Why WannaCry won’t change anything

Despite the damage and uproar over the massive ransomware attack, it’ll take a lot more before the world take security seriously

The WannaCry ransomware attack won't change anything

The tally of damage from the WannaCry ransomware attack keeps growing, but it’s still not even close to bad enough to force real changes in cybersecurity. According to The New York Times, more than 200,000 machines in more than 150 countries around the world have been infected, but the responses being discussed still center around patches and passwords, updates and antivirus, backups and contingency plans. 


Sure, these kinds of tactics can reduce your individual risk, and most likely would have helped you avoid this particular attack. But WannaCry—which apparently was based on stolen code from the National Security Administration and seems to bear signs of state-sponsored action by North Korea—is just the latest in an unending parade of new security attacks, vulnerabilities and crises. 

+ Also on Network World: What to do about WannaCry if you’re infected or if you’re not +

This one is big and high profile, earning headlines around the globe, but these issues rage on every single day, even if you don’t read about it because people don’t want to talk about it.

How high a price?

And even when the costs are sky high, as in the Yahoo hack that lopped a cool $350 million off the company’s acquisition price, nothing really changes. The experts trot out the same old bromides and the same stale precautions. Then the next attack comes, and the cycle starts all over again—proving that today’s solutions simply don’t work. 

The real issue is that despite its inherent insecurity, the system works just fine for many big-time stakeholders:

  • Criminals have a lucrative source of cash in a complex world that makes it difficult to catch them.
  • The states that sponsor the biggest cyberattacks love the idea of asymmetrical digital warfare against bigger, richer countries.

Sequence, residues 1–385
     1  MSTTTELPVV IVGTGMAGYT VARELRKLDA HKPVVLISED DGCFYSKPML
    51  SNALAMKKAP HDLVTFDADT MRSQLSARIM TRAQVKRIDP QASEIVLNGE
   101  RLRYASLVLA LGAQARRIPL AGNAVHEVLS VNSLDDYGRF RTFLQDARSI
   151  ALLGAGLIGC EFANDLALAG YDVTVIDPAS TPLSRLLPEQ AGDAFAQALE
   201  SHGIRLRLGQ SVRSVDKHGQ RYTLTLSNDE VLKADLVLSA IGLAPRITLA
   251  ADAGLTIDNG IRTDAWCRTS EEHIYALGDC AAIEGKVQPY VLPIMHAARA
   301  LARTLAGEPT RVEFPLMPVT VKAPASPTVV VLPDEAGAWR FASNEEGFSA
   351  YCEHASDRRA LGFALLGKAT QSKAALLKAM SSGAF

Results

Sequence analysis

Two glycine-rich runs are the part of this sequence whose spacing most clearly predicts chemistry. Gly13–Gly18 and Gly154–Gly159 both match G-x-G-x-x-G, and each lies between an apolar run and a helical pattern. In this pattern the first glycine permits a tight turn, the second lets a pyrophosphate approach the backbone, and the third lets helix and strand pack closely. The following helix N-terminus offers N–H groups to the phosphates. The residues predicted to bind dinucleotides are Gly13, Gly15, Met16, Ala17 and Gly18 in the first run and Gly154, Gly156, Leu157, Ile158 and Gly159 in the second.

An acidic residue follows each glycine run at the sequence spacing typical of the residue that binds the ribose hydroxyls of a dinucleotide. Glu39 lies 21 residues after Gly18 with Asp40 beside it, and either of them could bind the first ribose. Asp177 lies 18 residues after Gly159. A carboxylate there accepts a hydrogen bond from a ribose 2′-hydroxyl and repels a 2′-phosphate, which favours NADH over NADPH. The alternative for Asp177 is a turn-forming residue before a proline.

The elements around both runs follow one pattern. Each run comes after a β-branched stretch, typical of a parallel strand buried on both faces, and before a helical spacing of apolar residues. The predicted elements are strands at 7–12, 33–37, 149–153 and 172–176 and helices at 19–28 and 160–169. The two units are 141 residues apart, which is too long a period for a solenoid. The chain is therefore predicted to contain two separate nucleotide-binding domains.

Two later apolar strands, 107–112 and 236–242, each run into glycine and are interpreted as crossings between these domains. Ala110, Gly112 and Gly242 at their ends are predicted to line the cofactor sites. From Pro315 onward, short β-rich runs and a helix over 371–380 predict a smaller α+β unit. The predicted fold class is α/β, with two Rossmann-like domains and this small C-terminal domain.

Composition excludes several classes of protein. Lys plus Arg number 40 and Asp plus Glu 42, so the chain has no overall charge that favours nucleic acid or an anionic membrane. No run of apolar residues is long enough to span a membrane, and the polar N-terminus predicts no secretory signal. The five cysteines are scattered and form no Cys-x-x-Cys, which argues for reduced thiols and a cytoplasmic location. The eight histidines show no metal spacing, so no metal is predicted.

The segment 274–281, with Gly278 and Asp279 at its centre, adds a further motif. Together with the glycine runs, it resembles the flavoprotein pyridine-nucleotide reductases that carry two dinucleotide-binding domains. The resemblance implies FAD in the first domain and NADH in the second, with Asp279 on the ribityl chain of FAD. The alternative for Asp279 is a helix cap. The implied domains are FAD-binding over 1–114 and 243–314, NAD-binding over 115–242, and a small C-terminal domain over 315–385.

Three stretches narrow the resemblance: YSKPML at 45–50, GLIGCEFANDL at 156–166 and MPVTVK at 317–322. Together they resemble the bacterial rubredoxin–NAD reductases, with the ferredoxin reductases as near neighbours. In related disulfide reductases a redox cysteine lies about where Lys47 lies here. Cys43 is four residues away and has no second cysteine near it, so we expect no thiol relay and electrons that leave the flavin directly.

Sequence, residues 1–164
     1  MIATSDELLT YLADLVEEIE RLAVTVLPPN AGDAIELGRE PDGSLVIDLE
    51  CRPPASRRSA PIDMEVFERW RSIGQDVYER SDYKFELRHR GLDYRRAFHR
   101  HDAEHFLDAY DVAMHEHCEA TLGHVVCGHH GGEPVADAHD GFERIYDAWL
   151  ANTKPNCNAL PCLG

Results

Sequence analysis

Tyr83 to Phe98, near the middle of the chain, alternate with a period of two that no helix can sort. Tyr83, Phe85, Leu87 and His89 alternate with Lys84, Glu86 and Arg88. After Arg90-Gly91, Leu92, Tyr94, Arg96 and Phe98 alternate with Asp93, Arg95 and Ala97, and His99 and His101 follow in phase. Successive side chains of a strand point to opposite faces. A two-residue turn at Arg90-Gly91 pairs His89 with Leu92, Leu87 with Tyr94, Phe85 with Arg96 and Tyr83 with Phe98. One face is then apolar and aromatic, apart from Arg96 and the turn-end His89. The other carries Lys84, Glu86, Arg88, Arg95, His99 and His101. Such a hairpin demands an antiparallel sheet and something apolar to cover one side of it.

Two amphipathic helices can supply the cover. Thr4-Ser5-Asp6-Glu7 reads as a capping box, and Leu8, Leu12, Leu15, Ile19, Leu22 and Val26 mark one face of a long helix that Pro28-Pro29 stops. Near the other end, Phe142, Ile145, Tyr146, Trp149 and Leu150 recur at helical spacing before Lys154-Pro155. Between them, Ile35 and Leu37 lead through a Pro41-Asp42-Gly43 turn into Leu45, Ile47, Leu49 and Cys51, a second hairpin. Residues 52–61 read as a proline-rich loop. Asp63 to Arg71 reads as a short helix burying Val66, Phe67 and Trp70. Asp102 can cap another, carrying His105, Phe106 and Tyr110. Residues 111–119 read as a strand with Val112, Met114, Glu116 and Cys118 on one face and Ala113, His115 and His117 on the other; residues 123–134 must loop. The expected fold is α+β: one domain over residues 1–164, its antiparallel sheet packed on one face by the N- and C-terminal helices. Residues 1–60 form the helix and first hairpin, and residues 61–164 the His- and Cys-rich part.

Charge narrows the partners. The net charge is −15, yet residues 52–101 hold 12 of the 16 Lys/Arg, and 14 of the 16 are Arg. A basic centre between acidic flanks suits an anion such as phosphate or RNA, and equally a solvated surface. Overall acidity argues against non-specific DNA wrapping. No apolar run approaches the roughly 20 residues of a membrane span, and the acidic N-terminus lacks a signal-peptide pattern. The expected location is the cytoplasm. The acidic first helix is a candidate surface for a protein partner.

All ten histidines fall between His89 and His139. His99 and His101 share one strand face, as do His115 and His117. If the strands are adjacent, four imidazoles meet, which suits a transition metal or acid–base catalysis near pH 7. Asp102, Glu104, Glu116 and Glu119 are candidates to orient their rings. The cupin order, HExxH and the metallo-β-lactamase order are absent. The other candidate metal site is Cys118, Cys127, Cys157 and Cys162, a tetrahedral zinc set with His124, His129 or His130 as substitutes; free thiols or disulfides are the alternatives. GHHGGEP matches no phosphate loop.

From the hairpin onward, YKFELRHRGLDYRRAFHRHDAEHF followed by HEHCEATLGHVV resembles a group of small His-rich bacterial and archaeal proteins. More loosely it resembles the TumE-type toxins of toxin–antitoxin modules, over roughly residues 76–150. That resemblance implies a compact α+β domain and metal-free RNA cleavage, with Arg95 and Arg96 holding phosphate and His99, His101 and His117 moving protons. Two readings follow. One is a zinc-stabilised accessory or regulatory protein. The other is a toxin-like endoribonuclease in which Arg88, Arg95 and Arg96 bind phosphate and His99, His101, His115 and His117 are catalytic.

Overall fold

• Those rich, powerful nations are busy creating their own cyber weapons—and love them so much they’re willing to bear the risks of having them turned on their own countries!
  • Security companies and consultants have a never ending source of business.
  • Hardware and software vendors get to sell their products for lower prices because they don’t have to make the difficult, costly decisions to harden their products. Those costs end up being paid elsewhere in the ecosystem, helping to create perhaps the fastest growing industry on the planet.
  • And most important, businesses and individuals believe it will never happen to them and so they chase the lowest possible initial cost and the easiest, most frictionless experience, no matter what the risk. (According to the Times, China got hit hard due to its penchant for saving a few Yuan by using pirated copies of Windows.) 

Bottom line? Despite the hue and cry (pun intended), the global technology sees cybersecurity disasters as nothing more than an unpleasant but ultimately acceptable cost of doing business. I hate to say it, but it’s going to take a whole lot worse than WannaCry to change the handwringing into real action.

Here’s the scary part, though. Unless something dramatic changes, sooner or later we’re likely to see such a truly catastrophic attack—the kind that causes significant loss of life and brings down governments. We can only hope that whatever happens isn’t as bad as we can all too easily imagine—and that it finally spurs real change so the suffering it causes doesn’t turn out to be in vain.

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